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Blood. 1996 Jun 15;87(12):5144-51.

Release of interleukin-12 in experimental Escherichia coli septic shock in baboons: relation to plasma levels of interleukin-10 and interferon-gamma.

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Central Laboratory of the Netherlands Red Cross Blood Transfusion Service, Amsterdam, The Netherlands.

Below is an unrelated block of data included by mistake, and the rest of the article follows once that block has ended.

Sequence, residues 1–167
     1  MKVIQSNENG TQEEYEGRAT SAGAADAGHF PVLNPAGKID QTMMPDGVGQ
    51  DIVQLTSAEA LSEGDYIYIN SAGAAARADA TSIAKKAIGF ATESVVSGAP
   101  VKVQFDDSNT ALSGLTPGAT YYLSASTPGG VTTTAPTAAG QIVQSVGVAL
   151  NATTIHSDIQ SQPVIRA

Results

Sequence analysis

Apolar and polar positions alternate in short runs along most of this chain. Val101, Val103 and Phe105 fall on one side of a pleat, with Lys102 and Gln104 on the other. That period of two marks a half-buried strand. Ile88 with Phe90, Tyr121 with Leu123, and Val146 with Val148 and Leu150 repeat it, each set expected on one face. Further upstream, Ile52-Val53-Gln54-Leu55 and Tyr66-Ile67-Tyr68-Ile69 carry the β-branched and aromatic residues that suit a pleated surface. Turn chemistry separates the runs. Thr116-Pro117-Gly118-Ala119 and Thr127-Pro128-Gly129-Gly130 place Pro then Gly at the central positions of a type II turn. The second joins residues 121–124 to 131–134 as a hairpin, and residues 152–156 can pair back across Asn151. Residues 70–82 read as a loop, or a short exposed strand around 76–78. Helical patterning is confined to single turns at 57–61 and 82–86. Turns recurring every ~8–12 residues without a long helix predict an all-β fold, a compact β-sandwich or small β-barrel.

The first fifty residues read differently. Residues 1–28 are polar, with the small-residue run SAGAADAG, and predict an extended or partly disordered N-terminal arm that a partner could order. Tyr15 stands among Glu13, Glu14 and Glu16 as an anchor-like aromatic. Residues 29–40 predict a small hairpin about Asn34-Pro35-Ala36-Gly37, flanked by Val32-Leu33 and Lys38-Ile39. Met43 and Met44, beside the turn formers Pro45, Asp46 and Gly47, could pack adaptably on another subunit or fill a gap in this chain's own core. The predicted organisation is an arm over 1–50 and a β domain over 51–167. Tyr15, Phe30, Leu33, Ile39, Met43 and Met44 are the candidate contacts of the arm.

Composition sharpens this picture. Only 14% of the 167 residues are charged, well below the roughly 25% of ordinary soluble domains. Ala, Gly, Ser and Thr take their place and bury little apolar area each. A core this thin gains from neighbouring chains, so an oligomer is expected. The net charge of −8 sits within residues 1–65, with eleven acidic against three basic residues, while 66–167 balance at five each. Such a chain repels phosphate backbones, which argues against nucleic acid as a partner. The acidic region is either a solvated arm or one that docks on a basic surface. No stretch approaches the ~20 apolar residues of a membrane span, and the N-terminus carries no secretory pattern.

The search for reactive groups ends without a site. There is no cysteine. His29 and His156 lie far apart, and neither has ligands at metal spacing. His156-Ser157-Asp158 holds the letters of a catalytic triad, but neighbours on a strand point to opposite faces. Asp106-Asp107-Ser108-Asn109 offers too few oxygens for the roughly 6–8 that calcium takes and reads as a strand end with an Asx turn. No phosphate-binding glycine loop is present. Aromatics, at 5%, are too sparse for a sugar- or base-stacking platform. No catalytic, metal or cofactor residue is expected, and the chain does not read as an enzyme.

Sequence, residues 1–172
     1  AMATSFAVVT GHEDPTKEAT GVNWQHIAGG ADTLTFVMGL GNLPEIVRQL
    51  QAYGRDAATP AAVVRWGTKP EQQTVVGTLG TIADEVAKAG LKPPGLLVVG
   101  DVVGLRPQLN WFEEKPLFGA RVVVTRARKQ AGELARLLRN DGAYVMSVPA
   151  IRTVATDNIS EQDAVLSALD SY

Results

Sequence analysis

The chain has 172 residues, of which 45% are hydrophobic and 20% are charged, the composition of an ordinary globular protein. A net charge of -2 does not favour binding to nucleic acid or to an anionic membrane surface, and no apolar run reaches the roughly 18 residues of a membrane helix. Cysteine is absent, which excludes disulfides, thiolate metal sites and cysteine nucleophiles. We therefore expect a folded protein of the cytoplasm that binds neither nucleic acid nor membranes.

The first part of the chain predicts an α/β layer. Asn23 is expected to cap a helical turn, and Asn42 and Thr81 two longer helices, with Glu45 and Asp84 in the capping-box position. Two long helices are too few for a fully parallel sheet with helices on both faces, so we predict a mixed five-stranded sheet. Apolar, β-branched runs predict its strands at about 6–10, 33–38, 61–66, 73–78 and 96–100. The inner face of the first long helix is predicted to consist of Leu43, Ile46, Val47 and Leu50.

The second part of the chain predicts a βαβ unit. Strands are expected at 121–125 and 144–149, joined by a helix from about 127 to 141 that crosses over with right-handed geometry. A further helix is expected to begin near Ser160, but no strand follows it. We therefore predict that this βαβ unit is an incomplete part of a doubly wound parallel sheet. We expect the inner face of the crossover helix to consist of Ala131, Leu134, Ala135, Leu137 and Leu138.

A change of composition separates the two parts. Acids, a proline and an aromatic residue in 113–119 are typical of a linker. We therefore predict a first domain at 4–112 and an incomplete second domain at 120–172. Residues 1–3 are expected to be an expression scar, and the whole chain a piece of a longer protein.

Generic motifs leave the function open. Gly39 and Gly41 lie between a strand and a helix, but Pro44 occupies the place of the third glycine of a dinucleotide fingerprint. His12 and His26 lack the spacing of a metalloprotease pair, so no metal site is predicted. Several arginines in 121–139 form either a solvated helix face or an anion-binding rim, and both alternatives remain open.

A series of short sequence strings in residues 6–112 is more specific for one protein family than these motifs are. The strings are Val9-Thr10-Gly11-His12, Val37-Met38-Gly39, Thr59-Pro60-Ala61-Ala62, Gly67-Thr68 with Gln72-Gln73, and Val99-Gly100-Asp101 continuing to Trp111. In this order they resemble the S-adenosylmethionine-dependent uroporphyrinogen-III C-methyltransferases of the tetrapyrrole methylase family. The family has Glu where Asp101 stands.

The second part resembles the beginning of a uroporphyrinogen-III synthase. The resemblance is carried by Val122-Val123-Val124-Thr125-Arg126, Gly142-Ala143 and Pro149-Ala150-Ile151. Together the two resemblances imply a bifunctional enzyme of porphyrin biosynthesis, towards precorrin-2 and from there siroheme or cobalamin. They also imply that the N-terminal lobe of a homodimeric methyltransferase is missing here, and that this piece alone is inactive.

Interleukin (IL)-12 is thought to be a key factor for the induction of interferon gamma (IFN-gamma), a cytokine essential for the lethal effects of endotoxin. We report here on the release of the nonfunctional subunit of IL-12, p40, as well as biologically active heterodimeric IL-12, p70, after administration of a lethal (n = 5) or sublethal (n = 8) dose of live Escherichia coli to baboons. Remarkably, on lethal challenge, peak levels of p40 were observed at 3 hours that were about twofold lower than those elicited after sublethal challenge (2,813 +/- 515 pg/mL v 4,972 +/- 732 pg/mL, P < .05). This disparity was also observed, although to a lesser extent, for IL-12 p70 antigen, of which maximum levels of 91 +/- 47 pg/mL and 151 +/- 41 pg/mL were measured 6 hours after a lethal or sublethal dose of E coli, respectively. Circulating p70 antigen correlated with IL-12 biologic activity (r = 0.869; P < .001). When comparing lethal to sublethal conditions, lower peak levels of IL-12 on lethal E coli sharply contrasted with higher levels of other proinflammatory cytokines, such as tumor necrosis factor (TNF)-alpha, IL-1beta, IL-6, and IL-8 observed in these animals. Lower IL-12 concentrations in the lethal group may have resulted in part from the enhanced production of IL-10, a known inhibitor of IL-12 synthesis in vitro, as peak levels of this cytokine 3 hours postchallenge inversely correlated with peak levels of IL-12, in particular p40 (r = -0.802; P < .01). Contrary to what might be expected if IFN-gamma were solely induced by IL-12, lethally challenged baboons generated threefold more IFN-gamma at 6 hours than those receiving a sublethal dose (P < .05). Moreover, higher levels of IFN-gamma were associated with lower p40/p70 ratios, suggesting that, in agreement with observations in vitro, IFN-gamma may have preferentially upregulated the release of p70 over p40. These data show that IL-12 is released in experimental septic shock in nonhuman primates and suggest that IL-10 and IFN-gamma are involved in the regulation of this release. Furthermore, this study indicates that the systemic release of IL-12 might be essential, but is not likely sufficient, to promote lethal production of IFN-gamma in sepsis.

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